She frantically started looking for her address book. Clark had given her their number in case she ever needed him and couldn't find him. He spent a lot of time in Smallville, he always talked about his parents. "They'll know what to do," muttered with some assurance. "If only I can find them." Her address book was eventually found on her night-stand next to her bed.

"Oh, be home." She begged the ringing phone.

Finally after what seamed like an eternity someone answered. "Hello, Kent residence."

"Martha?" Lois gasped.

"Yes, who is this?"

"It's Lois Lane, and I really need to talk to you."

"Why of course dear, what's on you're mind?"

"Clark is in real danger."

"What . . . what kind of danger?" Martha's voice was filled with concern. Lois all of a sudden she wished had been more tactful.

"I have reason to believe that the woman who he is helping with the experiment has done some terrible things to him."

"Like, what?" Lois could tell that it was hard for Clark's mother to ask that question.

"I don't know exactly, but I think that she's trying to bring out his bad side. Listen to this, 'after only a few week's of experimentation I have been able to change the behavior and expectations of my specimen, with more time it is quite possible I will be able to change his personality permanently.' That specimen is Clark."

"Oh, Clark." Lois wasn't sure but she thought she could hear Martha crying.

For a moment there was confusion in the background. At last a new voice, that of Jonathan Kent, came through. "You say Clark's in trouble?"

"Yes, It's only speculation, but . . . yes."

"What can we do to help?"

"I . . . I don't know."

"There must be something we can do. Maybe we can come up there and . . ."

"No, Clark is still with that psycho, Cylipso. We need to get him out right now. Before anything else happens."

"Do you know were he is?"

"I hoped you would."

"He didn't even know where he was going to go." Martha sobbed, she must have gotten on another extension.

"There must be some way . . ." Lois began, but her thought was interrupted when she glanced down at the magazine, their was a picture of Cylipso with a cat on this beautiful sun porch. The picture's cation read, 'Janis Cylipso in her office in Little Rock, AK. Where she does all her research.' "Clark's in Little Rock."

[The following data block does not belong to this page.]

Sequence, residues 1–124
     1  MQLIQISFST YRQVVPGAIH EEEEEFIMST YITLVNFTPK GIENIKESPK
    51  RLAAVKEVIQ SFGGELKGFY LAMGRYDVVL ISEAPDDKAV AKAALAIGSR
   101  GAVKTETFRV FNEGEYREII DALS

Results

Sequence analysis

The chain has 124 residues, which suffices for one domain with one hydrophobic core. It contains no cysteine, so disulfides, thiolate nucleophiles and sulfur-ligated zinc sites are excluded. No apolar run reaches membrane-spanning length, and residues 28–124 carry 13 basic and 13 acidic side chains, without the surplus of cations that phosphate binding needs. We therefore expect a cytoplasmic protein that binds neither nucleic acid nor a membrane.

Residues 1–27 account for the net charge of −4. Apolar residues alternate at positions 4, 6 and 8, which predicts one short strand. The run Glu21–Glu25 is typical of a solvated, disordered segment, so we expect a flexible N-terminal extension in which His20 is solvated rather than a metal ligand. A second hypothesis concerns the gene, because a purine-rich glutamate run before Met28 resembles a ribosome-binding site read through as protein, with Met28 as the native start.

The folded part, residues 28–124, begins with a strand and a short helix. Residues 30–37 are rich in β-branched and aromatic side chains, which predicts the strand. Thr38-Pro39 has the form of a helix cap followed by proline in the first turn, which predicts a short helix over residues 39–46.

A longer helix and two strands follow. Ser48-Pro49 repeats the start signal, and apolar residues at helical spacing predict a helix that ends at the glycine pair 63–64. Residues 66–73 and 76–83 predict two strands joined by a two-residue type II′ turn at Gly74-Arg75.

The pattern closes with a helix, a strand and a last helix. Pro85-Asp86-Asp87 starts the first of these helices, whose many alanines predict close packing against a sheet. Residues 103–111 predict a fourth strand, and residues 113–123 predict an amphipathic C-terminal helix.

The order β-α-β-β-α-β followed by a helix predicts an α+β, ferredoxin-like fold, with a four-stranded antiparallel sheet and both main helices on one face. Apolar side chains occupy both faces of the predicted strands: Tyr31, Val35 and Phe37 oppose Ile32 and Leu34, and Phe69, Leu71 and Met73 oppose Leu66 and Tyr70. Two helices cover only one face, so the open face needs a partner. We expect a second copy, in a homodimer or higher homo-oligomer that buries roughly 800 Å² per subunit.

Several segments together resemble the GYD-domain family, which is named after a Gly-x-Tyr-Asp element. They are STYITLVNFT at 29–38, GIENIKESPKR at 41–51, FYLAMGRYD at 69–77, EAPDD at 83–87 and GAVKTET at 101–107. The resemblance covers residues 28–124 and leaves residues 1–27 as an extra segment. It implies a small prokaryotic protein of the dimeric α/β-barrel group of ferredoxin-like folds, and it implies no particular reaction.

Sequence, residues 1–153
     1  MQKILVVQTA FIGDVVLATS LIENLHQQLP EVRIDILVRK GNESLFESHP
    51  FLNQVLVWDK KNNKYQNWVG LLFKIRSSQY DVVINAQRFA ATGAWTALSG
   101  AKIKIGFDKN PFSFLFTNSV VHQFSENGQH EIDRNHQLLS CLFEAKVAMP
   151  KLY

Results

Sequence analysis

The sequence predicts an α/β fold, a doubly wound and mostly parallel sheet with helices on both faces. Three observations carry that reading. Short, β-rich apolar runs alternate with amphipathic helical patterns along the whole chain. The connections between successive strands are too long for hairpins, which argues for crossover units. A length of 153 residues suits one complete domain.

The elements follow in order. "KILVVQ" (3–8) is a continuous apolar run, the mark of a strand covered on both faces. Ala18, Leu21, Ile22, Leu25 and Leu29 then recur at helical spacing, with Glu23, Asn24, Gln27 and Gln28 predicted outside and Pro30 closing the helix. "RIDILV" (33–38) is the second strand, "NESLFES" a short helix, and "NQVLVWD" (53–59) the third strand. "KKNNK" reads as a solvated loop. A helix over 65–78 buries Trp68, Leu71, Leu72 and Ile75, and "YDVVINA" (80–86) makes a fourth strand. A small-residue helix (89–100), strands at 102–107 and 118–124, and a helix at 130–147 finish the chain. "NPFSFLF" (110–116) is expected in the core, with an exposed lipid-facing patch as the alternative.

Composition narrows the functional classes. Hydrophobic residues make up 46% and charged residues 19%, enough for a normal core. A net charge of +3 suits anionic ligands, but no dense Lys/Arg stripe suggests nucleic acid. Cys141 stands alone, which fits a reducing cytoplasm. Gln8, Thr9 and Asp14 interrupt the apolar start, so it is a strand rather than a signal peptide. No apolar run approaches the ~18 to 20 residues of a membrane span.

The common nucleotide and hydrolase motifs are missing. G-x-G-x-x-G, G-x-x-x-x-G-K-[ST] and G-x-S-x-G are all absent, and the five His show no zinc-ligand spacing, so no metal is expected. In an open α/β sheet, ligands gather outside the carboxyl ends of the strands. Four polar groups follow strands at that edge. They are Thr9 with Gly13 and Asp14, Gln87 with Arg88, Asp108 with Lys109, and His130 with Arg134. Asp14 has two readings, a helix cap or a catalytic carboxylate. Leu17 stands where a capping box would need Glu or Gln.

"How do you know?" Jonathan asked.

Lois didn't think she had time to answer nit-picky questions. "I'm going to fly into little Rock and somehow get Clark out. As soon as he's free we'll head over to you're house, so Clark can . . . become himself again."

"Lois, you won't do anything to dangerous will you?" Martha asked, the same way Clark would have. Lois felt more reassured already.

"Don't worry. I'll call you as soon as I know more, Ok."

"Ok," Jonathan said at length.

"Great, Goodbye." She hung up the phone without even waiting to here the distraught parents say farewell. Immediately she dialed Jimmy's home number. The kid should be home by now.

Lois waited for the phone to ring for about ten minutes. As she waited Lois frantically packed an overnight bag. Finally Jimmy answered the phone.

"Hi," he said breathlessly, he had hurried the phone ring and run to it, bumping into a chair and a table on the way.

"Jimmy, We're going to Little Rock."

"Lois, is that you?"

"Start packing. I need to call the airline and get tickets. We need to take the first flight we can get."

"Lois, is this you?" Jimmy asked again.

"Yes, who else would it be? We don't have time to waste, start packing."

"Why do we have to go to Little Rock?"

"To save Clark."

"You lost me,"

"Jimmy, trust me." Lois said seriously, "Now I want you to be standing outside you're apartment, packed and ready to go in Fifteen minutes."

Jimmy didn't know what to make of the situation. Lois was extremely worked up and it took a lot to get such a seasoned reporter so excited. She also had mentioned something about saving C.K. Jimmy had no idea what that was supposed to mean. But Lois was dedicated and had the most amazing intuition. Jimmy started to dig through his Closet and pack a small bag. Then he had to ask his neighbor to feed his fish while he was gone.